Dear Dentist, My daughter

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Dear Dentist,

My daughter is 11 years old and we live in Leamington Spa. In her recent dental examination her dentist told us her four adult molar teeth should be extracted. One of those was filed couple of years ago and one has decay. The other two are OK. He advised us removing all four needed as her new teeth will fill the gap. My worry is not just only removal of these teeth including two healthy one but also potential underlying problem. She is strict about sugary drinks and brushes every single night. I am concerned if we remove these four teeth there is no guarantee for other teeth not to have same issues in the future as problem is not diet or hygiene related as far as I am concerned. I would be grateful if you give this concerned dad some advice.

Very many thanks,
Reza Kashtiban

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Asked on 03/11/2016 12:00 am
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Private answer

Usually there IS an underlying sugar-intake issue.
Occasionally teeth erupt with imperfect enamel and are more prone to decay.
You won't really know how well formed the new teeth are until they erupt.
I advise you get an Orthodontic opinion ( try Leamington Spa Orthodontics- Richard Cure) and minimise the extractions as much as possible.
Hope your daughter stays pain-free while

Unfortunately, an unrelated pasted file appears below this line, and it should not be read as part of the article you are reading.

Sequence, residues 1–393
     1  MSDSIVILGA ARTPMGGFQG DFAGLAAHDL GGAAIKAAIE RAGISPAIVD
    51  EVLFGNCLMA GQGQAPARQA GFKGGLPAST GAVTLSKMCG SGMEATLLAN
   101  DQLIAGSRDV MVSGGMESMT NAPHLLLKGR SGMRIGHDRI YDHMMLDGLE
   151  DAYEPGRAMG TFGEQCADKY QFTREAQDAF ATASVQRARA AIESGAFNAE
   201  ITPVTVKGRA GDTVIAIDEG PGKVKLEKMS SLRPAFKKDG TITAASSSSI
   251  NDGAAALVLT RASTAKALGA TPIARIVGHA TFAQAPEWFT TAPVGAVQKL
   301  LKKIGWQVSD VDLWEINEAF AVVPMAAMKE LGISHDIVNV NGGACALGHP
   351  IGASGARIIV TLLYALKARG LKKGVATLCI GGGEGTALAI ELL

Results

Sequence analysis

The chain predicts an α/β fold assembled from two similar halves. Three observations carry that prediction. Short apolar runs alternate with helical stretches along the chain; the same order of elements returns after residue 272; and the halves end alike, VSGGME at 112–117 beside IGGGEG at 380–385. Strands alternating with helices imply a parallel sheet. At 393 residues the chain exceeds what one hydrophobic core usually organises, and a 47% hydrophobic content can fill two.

you go through the planning stages.
Meanwhile, continue to focus on sugar control, both quantity and more especially frequency.

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Posted by Dental Professional (Questions: 0, Answers: 1475)
Answered on 10/11/2016 12:00 am
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Sugar is indeed the issue. An honest diet sheet of exactly what and when your daughter eats and drinks may give your dentist a clue as to how best to advise. As mentioned by my colleagues it is not as simple as just brushing after meals and reducing sugar intake. Sugar is present in many forms and may be labelled as ‘sucrose’ for example Thetiming and type of snacks is also critical. Diet fizzy drinks may be sugar free but are acidic and cause tooth decay.
A second opinion may help you decide on the appropriate treatment for the decayed tooth
An orthodontic opinion is essential before committing your daughter to the removal of otherwise healthy or restorable teeth which could have implications as she grows and develops

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Posted by Dental Professional (Questions: 0, Answers: 1475)
Answered on 10/11/2016 12:00 am
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There are two issues
1 dental decay is related to frequency of consumption of sugar. The bacteria in the mouth digest sugars in food and drink (both natural sugars in fruit and juices and added sugars in sweets cakes biscuits and drinks) The sugar is converted to acid and the saliva takes 40-60minutes to neutralise this acidity Therefore for every sip or bite there will be 40minutes of tooth decay no matter how well cleaned the teeth are before and after
The only way to prevent further decay will be to limit sugary food and drinks to a few set times each day (mealtimes only) and this should reduce the risk of other teeth being as severely decayed as the ones that now need extracting but as you say there are no 100% guarantees as teen consume have access to lots of sugar containing food and drink and often will not follow guidelines
With regard to the proposed extractions the plan is that by taking one tooth from each corner at this time the teeth yet to erupt will do so in a such a way that the chewing forces will be balanced so as to resist the tendency for the front teeth to become misaligned as could happen if teeth were only extracted from one side

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Posted by Dental Professional (Questions: 0, Answers: 1475)
Answered on 09/11/2016 12:00 am